In the pre-trial going on of the patent lawsuits of Apple and Qualcomm, Qualcomm’s legal team made a slip – it failed to add an important part to its motion and tried to correct its blunder at a later time, according to FOSS Patents.

In a ruling on September 4, it was said that in July Apple had gestured to strike portions of 12 expert reports supplied by Qualcomm, having claimed that the experts “improperly opined” on transgression. The original complaint requested declaratory verdict on flaw and non-infringement of nine Qualcomm patents.

Initially, Qualcomm responded to Apple’s motion by unexpectedly declining to put forth the compulsory counterclaims of the breach, a move that was quite limiting for Qualcomm. By and by when Qualcomm’s legal team attempted to oppose Apple’s motion to make the jury hear the complaints of its experts in toto, Apple’s legal team motioned to obstruct such an alteration. Apple’s motion partly succeeded making Qualcomm unable to use some of the testimony at trial unless it appeals with success.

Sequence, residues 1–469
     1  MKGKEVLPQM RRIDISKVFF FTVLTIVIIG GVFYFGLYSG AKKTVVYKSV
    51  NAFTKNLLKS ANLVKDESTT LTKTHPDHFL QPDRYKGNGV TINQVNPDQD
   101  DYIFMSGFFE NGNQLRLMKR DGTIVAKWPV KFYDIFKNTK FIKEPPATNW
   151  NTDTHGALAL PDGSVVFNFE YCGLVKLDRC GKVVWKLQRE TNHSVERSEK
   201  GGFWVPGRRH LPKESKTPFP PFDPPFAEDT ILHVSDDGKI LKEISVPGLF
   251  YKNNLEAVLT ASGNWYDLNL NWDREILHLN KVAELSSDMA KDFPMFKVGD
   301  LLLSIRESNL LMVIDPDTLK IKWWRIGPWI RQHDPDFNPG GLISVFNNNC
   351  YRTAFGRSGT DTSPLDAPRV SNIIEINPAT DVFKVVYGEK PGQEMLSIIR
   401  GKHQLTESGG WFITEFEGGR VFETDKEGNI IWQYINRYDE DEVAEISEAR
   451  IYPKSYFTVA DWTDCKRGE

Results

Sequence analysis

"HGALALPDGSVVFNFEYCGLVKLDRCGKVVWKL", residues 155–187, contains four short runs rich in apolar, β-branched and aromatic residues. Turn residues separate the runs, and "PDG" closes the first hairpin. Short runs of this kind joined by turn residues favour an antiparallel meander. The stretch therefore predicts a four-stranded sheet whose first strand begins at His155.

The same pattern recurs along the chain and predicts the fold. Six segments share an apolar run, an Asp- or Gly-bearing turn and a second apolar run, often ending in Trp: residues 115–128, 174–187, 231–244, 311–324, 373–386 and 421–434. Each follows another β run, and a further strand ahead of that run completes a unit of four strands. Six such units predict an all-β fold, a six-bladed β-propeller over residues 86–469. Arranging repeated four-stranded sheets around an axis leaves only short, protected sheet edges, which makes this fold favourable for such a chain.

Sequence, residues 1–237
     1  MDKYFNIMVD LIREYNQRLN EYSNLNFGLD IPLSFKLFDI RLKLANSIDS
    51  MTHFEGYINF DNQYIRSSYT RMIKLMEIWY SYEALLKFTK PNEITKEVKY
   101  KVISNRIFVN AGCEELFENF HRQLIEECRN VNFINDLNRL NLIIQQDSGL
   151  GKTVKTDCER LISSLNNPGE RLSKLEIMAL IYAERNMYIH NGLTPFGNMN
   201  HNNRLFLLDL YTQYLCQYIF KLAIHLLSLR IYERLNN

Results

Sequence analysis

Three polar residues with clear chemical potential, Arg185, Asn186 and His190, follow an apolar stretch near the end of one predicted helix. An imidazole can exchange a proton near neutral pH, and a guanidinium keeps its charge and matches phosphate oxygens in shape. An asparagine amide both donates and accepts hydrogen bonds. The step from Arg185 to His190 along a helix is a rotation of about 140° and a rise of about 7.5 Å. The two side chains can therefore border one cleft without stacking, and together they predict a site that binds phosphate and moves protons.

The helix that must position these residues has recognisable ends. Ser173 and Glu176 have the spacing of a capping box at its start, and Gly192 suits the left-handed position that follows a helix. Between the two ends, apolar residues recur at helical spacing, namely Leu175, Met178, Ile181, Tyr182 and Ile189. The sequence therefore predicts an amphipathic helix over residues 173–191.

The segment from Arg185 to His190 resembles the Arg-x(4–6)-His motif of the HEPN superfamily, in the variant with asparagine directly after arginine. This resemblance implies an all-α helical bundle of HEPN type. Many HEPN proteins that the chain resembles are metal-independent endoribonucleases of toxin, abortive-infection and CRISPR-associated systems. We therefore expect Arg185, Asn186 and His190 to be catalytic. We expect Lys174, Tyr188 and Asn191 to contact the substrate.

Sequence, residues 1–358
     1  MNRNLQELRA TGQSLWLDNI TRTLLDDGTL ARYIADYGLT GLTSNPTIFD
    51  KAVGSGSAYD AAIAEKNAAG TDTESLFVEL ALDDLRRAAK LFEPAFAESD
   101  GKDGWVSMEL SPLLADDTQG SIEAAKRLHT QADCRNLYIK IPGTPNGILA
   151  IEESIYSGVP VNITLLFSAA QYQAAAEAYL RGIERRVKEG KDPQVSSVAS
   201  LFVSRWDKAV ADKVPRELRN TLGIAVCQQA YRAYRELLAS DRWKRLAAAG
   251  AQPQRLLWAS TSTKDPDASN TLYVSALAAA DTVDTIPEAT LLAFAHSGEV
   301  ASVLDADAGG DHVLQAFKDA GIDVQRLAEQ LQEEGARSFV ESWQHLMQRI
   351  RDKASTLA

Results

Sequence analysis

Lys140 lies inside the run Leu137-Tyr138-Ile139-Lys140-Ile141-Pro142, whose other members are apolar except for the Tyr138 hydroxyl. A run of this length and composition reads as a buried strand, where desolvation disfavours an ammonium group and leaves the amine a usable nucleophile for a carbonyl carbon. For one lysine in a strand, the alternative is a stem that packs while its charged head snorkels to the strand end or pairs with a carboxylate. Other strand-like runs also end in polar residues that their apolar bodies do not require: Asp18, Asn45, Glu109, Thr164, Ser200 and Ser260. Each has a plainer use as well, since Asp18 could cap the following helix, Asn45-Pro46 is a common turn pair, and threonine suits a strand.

Magistrate Judge Mitchell Dembin of the United States District Court of the Southern District of California is advising the sections focused on the “standard-essential” nature and value of the patents. The more intense the infringement are, the more essential the patents. Judge Dembin addressing the issue of export reports conflicting with Qualcomm’s initial decision to not counterclaim Apple, declared that “Qualcomm will be held accountable for the consequences of its tactical decisions.” He added that “To the extent that Qualcomm claims they have disclosed in discovery their views regarding infringement and, consequently, there is no surprise and no prejudice, is unavailing. Rules are rules and tactical decisions have consequences.”

Other than this patent infringement suit relating to Apple and its intellectual property, Qualcomm is also involved in another related legal battle associated with the denial of the motion of prosecutors in a class action suit to hinder Qualcomm from obtaining a U.S. International Trade Commission exclusion order, one that would affect the import of iPhones with Intel modems.

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